By Rob Clarke Driven Sports
There seems to be two distinct camps when it comes to dairy consumption. First, there are those who utilize it to its full potential for deriving protein and other excellent nutrients. And then there are those that aim to restrict dairy as much as possible as they believe it makes them look “puffy” and bloat them.
I am not in the latter group. I consume dairy on a daily basis. Unless you have a legitimate issue with lactose then you really should too. And I don’t just mean drinking milk. There are a lot of excellent food sources that stem from milk, with particular focus on certain cheeses and yogurts. You can do your diet a huge service by getting nutrition from these sources.
My particularly choices are fat-free cottage cheese and Greek yogurt (note: NOT Greek-style yogurt). In fact fat-free Greek yogurt is quite a revelation when mixed with your favorite protein powder (I now use Greek yogurt for “Gloop”). I am also a big fan of the almond milk varieties. I should make it known that I don’t suggest the fat-free dairy varieties because I am a “fatophobe”. I just find that the fat-free versions tend to have a slightly higher protein value for a lower calorie level.
I’m not just pointing this out so that you guys have a new protein source to try, or a new way to get inventive with a recipe. New research appears to be looking more into dairy and the effect on body composition, reinforcing why you should be consuming it. For instance, take a new study published in the International Journal of Obesity this month. In it researchers from Iran have conducted a meta-analysis of several other studies investigating dairy consumption and its effect on body composition. They concluded that as part of a calorie-controlled diet people that include dairy as part of their diet can improve their body composition to a greater degree than those that avoid it. In other words, less fat, more muscle.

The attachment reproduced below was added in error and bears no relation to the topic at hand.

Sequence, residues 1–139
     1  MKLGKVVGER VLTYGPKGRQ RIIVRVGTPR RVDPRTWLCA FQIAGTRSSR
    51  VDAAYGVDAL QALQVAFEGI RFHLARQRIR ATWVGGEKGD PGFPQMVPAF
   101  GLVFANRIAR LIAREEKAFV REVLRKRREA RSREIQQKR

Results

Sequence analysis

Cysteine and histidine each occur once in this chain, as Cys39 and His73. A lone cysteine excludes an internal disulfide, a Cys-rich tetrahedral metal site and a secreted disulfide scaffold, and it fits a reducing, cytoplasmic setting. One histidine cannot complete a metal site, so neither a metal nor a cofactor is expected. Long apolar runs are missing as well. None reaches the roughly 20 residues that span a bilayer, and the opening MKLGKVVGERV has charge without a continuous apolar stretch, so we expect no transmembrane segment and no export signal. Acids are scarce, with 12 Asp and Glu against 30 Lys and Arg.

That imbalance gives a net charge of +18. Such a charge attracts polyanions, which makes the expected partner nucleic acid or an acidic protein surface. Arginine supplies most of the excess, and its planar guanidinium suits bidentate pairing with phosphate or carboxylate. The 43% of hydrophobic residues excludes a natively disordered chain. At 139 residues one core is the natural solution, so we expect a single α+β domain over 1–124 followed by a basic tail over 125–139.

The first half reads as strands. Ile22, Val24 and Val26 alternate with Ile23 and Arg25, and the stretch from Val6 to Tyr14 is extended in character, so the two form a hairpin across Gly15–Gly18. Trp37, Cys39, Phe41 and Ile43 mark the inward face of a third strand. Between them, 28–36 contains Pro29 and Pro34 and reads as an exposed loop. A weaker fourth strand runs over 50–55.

The reason for this finding is believed to be largely due to the protein content of the dairy. Not only is protein associated with muscle repair and building as every good bodybuilder knows, it also has a significant appetite-suppressing effect. A new study coming out of Denmark actually looked at this. Strangely, the subjects in this particular study did not report feeling like their appetites had been suppressed following milk consumption. But it was clear that something was at work because they did not eat as many calories in a subsequent meal.
In addition to the quality protein content, dairy is tends to be rich in vitamin D and calcium. Both of these micronutrients have been found to be beneficial for improving body composition in a recently published study in the American Journal of Clinical Nutrition. Particular visceral fat, which as you should know by now, is the type of fat packed in and around the organs in your midsection. This is the fat that doctor’s are more concerned with from a health perspective (A nice plug for Lean Xtreme™ there!)
As you aim to get a lot of protein in your diet each day, don’t be afraid to get some (or a lot) of it from dairy.
Abargouei AS, Janghorbani M, Salehi-Marzijarani M, Esmaillzadeh A. Effect of dairy consumption on weight and body composition in adults: a systematic review and meta-analysis of randomized controlled clinical trials. Int J Obes (Lond). 2012 Jan 17.
Lorenzen J, Frederiksen R, Hoppe C, Hvid R, Astrup A. The effect of milk proteins on appetite regulation and diet-induced thermogenesis. Eur J Clin Nutr. 2012 Jan 25.
Rosenblum JL, Castro VM, Moore CE, Kaplan LM. Calcium and vitamin D supplementation is associated with decreased abdominal visceral adipose tissue in overweight and obese adults. Am J Clin Nutr. 2012 Jan;95(1):101-8.